2. Find that creative spirit inside you

Do you journal? Make music? Cook? Did you take up painting or pottery during the lockdown? Why not continue those creative hobbies? It can be a wonderful outlet for when you’re in your feels, or, at the very least, a good distraction.

3. Nurture your body, move your body, rest your body

I know, you’ve heard this one a hundred times. But it actually works. I successfully avoided a panic attack by blasting pop songs and dancing like a maniac in my kitchen. I won’t preach that “no pain, no gain” toxicity. Move your body in a way that makes you happy; dance, walk, run, whatever. A release of happiness-inducing endorphins will help give you that calm you’re looking for. Similarly, nurturing your body with good food, vegetables, fruits, (preferred intake of) protein, and plenty of H2O. Sleep, as mentioned in many of our articles, is of utmost importance. You can find some of these here, here and here.

4. If all else fails, take some deep breaths

Breathing techniques can be used during meditation, exercise, or even as a 5-minute break. Deep breathing is a wonderful way to take a break from a stressful situation, or when you’re feeling overwhelmed. It helps oxygenate the brain, and by stabilising our breathing pattern we are better able to think clearer and calm ourselves down. A simple breathing exercise is to breathe in through the nose counting to 5, hold for 5  seconds, and exhale from the mouth for 5. There are also several apps you can download on your phone for relaxation and breathing techniques on the go.

At the end of the day, remember that you are not alone, everyone is likely feeling a little nervous about returning to a busy world. Opening up about it with a friend or someone you trust can make you feel better. It may even encourage others to open up about it too! In my experience, when you call out the elephant in the room everyone else tends to relax, knowing they aren’t alone.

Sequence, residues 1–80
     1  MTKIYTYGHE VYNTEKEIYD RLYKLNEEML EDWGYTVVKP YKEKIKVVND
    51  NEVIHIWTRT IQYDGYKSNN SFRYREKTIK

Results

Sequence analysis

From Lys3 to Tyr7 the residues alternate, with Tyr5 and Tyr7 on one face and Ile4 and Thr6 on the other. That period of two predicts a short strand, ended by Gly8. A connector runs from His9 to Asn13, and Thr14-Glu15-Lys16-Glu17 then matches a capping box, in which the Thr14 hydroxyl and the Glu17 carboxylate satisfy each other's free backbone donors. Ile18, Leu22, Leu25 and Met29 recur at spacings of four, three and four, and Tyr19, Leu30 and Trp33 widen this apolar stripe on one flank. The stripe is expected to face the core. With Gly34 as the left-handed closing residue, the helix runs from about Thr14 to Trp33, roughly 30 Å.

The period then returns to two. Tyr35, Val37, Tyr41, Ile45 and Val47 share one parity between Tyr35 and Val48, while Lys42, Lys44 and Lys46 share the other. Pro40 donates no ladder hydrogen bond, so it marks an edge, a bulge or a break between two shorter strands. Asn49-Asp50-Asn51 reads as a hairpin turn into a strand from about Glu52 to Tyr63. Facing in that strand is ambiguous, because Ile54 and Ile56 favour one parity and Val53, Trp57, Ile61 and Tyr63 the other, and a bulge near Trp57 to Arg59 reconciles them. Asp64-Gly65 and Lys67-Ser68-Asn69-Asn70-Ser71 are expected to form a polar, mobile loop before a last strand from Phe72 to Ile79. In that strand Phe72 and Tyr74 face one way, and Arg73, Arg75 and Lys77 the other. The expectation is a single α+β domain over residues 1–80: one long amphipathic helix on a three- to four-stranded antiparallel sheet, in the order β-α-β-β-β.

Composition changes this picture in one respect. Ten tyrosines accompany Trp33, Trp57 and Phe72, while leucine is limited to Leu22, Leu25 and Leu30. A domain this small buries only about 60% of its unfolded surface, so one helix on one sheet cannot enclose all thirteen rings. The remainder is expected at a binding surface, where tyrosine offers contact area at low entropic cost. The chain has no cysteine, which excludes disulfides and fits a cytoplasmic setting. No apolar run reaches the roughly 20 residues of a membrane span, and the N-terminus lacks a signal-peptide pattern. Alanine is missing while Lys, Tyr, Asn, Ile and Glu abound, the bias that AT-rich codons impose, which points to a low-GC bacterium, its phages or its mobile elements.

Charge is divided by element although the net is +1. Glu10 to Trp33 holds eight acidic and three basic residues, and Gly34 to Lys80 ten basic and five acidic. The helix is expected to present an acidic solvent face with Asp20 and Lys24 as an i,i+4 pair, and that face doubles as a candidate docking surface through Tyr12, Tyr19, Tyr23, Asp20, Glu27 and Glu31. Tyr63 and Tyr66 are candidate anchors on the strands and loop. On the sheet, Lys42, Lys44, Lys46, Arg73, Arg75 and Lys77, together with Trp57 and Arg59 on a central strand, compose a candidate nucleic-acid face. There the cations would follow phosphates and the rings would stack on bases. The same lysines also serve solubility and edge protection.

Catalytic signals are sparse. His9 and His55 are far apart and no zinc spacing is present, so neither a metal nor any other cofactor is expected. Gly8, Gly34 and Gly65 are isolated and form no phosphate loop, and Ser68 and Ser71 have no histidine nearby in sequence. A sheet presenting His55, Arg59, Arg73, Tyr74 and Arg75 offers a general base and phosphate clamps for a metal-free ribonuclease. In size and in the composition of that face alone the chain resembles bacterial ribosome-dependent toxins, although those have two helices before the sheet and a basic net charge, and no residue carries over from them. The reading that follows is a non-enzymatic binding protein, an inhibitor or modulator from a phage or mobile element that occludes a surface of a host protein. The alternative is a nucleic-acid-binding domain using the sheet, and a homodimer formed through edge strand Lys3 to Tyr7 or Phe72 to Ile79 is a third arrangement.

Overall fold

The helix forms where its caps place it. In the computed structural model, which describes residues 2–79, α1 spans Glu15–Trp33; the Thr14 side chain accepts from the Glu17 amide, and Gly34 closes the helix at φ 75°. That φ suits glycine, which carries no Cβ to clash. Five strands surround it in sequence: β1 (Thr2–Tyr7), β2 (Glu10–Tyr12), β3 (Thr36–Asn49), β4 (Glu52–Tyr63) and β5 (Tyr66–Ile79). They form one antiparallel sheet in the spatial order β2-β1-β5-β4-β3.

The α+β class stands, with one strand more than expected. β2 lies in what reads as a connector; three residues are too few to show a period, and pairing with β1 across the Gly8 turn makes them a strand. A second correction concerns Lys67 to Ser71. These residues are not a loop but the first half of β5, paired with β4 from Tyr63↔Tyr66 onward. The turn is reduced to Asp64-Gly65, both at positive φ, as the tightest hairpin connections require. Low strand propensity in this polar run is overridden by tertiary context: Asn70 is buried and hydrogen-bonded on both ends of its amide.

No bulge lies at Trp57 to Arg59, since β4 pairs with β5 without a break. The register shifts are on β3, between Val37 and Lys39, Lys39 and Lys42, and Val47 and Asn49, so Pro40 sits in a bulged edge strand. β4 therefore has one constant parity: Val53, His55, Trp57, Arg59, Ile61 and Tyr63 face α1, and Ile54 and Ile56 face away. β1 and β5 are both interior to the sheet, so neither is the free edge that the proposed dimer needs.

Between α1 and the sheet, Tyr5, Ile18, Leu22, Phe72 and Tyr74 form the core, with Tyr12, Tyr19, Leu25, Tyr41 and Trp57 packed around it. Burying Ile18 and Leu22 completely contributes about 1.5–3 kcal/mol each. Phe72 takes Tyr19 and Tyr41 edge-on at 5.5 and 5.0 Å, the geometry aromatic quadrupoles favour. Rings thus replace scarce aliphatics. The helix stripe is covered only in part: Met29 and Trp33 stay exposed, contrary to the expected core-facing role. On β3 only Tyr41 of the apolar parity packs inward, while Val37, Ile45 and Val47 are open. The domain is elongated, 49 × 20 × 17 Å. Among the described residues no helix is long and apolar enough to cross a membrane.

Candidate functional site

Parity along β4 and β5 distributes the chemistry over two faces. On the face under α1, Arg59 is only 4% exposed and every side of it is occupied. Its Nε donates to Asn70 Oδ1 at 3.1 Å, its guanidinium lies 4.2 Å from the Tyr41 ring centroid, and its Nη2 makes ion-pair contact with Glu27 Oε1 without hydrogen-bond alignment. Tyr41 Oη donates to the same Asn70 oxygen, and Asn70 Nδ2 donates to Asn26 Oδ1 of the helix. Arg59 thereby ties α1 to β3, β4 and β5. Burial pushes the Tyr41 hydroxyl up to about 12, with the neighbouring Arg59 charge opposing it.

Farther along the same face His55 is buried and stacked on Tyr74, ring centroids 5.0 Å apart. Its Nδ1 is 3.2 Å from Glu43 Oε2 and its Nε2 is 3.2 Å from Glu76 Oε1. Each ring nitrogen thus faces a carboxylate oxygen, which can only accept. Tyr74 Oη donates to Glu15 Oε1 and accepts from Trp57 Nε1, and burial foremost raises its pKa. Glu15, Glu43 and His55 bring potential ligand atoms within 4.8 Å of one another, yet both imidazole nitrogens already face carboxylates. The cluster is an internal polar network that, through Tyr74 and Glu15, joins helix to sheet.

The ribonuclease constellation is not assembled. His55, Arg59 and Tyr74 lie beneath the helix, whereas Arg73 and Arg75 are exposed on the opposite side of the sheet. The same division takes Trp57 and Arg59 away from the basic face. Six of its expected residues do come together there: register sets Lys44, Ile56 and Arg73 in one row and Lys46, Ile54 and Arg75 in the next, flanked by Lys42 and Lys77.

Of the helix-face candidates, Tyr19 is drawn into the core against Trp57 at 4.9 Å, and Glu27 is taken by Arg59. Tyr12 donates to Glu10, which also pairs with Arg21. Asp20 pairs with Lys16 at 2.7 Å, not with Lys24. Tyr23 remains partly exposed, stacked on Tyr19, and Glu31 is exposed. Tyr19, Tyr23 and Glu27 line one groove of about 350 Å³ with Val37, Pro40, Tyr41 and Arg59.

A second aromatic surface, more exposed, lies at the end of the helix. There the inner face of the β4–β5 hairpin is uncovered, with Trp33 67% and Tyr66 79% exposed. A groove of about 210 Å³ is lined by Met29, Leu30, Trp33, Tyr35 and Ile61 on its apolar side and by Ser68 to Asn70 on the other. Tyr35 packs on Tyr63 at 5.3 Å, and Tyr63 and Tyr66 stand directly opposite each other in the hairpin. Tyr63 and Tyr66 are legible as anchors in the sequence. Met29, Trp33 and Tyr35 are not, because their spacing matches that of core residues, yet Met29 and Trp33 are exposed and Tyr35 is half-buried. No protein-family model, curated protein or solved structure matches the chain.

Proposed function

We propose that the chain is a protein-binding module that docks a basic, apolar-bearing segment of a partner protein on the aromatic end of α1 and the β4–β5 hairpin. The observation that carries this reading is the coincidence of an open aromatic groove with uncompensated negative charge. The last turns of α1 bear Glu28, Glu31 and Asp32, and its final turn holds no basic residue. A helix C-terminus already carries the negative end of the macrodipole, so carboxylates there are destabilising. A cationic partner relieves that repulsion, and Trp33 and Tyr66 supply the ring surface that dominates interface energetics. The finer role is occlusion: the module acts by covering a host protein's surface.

Best of luck to everyone out there venturing the return to that “new normal”, and remember – take it a step at a time. There’s no reason to rush, the world isn’t going anywhere.

 

Disclaimer: This website does not provide medical advice
The information, including but not limited to, text, graphics, images and other material contained on this website are for informational purposes only. No material on this site is intended to be a substitute for professional medical advice, diagnosis or treatment. Always seek the advice of your physician or other qualified health care provider with any questions you may have regarding a medical condition or treatment and before undertaking a new health care regimen, and never disregard professional medical advice or delay in seeking it because of something you have read on this website.

Posted By  : Anna Paspala